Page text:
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Fairytales of the Elvish Coin: The Princess #2

The Princess (Part 2 of 2)

She began to weep to herself as she felt so suffocated by the amount of people that surrounded her on the street before.

But to her surprise, she was not the only one who was weeping. A young boy about the age of nine was huddled in a corner staring into space, tears streaming down his neck. When the princess approached him, he did not flinch. He did not even seem to know who she was.

“Are you alright?” she asked the boy.

He looked at her sadly, “The orphanage kicked me out. I have no where to go.”

“That cannot be allowed,” said the princess, “what is your name?”

“Timothy,” he said with quivering lips.

The princess surprised the servants by bringing Timothy back to the castle with her. She explained to them that he was homeless and needed some fresh clothes and a warm meal. The servants bathed Timothy and gave him a pair of satin pyjamas and the king’s old robe from when he was a boy. They cooked a feast for him and the princess, and they dined together, sitting on opposite ends of the long dinner table.

The boy ate his roast dinner so quickly, the servants had to hurry to bring him seconds. When they were eating their puddings of blackberry pie and custard, the princess asked him where his parents were.

“My mother died when I was a baby and my father did not want me.”

The princess felt sympathy for the child, as she could not imagine not feeling wanted by a parent. “What happened at the orphanage?”

“Someone stole my toy, so I tried to get it back but they held on to it. So I fought them.”

The princess questioned the boy for a while trying to work out why he was abandoned. But eventually Timothy grew restless and asked if they could play hide and seek. The princess obliged and even insisted that the servants join in the game. For the first time in many years, she laughed.

Timothy was given a guest bedroom in the castle in the top tower. He very much enjoyed himself, and the princess loved his company. In the days that followed, she took him to museums, galleries, toy shops and took him out for lunches. She had never been so outgoing, and even when the villagers stared at her, the princess did not mind. Timothy did not even notice, he was more absorbed in the paintings in the galleries or playing with the toys in the shops.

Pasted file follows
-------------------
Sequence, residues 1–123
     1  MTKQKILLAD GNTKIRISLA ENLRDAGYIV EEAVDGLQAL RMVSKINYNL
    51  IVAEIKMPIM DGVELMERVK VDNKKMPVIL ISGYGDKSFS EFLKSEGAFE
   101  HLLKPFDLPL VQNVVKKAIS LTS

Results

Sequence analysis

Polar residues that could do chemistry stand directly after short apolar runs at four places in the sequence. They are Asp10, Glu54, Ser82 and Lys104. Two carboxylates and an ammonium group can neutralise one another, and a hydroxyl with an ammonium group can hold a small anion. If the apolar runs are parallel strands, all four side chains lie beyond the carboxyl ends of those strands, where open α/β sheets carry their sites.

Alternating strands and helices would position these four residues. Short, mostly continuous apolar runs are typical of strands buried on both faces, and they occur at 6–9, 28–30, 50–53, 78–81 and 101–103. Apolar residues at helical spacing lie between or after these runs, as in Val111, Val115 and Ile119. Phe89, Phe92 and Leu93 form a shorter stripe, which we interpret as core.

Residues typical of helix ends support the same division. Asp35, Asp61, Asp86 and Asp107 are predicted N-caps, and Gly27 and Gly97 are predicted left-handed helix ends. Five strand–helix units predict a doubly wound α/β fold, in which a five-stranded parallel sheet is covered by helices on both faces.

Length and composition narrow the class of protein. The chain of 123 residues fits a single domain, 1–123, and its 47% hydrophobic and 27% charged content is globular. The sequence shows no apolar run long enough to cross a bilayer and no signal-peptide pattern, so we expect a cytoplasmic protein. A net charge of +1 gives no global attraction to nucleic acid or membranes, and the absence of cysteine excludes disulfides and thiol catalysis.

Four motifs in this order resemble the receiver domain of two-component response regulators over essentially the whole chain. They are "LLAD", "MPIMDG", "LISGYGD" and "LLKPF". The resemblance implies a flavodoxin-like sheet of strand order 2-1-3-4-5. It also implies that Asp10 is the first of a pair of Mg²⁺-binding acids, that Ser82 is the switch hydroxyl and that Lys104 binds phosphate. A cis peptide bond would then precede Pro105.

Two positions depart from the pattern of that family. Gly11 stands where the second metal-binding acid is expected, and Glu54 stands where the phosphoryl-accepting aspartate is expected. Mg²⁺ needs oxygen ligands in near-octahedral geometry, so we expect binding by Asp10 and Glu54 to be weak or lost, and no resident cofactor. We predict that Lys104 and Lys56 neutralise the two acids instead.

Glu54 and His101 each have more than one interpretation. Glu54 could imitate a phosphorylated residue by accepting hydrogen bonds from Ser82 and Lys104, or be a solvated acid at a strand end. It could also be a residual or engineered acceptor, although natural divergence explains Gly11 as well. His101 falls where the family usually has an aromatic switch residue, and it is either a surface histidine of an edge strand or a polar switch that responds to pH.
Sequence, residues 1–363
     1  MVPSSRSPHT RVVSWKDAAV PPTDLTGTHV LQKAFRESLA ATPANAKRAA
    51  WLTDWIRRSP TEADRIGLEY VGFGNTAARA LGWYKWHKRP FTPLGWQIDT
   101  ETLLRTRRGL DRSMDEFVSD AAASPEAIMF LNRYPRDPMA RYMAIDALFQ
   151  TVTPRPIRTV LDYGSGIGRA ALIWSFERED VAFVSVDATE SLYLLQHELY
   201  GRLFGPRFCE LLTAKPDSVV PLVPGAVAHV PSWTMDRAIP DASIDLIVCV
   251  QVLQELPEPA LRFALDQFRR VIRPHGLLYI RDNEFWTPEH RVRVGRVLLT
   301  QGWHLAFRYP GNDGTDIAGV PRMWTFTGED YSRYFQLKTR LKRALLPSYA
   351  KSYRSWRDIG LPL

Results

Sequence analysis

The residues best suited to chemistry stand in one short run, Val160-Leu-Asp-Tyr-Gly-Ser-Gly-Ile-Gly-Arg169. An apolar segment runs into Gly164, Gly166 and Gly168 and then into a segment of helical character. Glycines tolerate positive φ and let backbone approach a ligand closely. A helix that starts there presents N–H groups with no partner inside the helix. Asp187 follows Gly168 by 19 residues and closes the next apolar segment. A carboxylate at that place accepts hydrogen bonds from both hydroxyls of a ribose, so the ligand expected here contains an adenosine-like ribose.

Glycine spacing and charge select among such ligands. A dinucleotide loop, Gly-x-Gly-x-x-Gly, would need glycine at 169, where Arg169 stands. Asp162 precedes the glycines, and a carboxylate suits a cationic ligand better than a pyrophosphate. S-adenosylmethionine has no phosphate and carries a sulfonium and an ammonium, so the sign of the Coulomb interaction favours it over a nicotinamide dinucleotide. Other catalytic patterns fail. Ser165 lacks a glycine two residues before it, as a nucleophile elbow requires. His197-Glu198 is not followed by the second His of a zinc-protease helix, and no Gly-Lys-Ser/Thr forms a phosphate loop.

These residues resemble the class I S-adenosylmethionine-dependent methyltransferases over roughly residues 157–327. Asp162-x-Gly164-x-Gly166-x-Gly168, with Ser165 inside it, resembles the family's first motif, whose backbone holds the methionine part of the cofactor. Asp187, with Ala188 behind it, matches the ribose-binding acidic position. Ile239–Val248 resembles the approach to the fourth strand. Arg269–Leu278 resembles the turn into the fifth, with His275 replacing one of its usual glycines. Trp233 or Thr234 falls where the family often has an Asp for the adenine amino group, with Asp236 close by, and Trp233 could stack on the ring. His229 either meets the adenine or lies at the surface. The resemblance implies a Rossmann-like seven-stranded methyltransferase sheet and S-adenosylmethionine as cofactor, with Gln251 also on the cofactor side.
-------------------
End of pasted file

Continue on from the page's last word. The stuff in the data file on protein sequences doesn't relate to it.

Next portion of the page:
The princess took on the role as a mother and raised Timothy until he became an adult. One day, she was in the garden staring at the sky and Timothy came to meet her outside.

“Is everything ok princess?” he asked.

“Yes, indeed,” she smiled, “But this castle is too large for me. The servants who wait on me need not. You have brought me light Timothy, when I could see nothing but darkness. To feel delight, I did not need to taste the finest caviar in the land on a gold plated dinner table. I found more joy in baking biscuits with you in the kitchen.”

The princess reached inside her pocket and pulled out the magical coin. She held it up to the sun so it shimmered a beam of gold on its silvery white surface. As Timothy squinted, the princess told him everything she knew about the coin. She then took his hand and placed the coin inside, closing the fingers around his palm the same way her father had done to her many years before.

“This is yours now Timothy. Take it, go and live your life in the castle, or wherever you choose to live. I will spend my final years resting in a small home. For I am quite content.”

The princess spent the rest of her life in a small cottage on her own. She took pleasure in gardening and going for long walks. Without the coin she had very little money and her life became refreshingly simple. She was never again recognised, no one gasped when they saw her. In fact, they thought she was a rather strange old lady dressed in rags, too poor to afford proper clothes. But her final years in the cottage were the happiest of her life.

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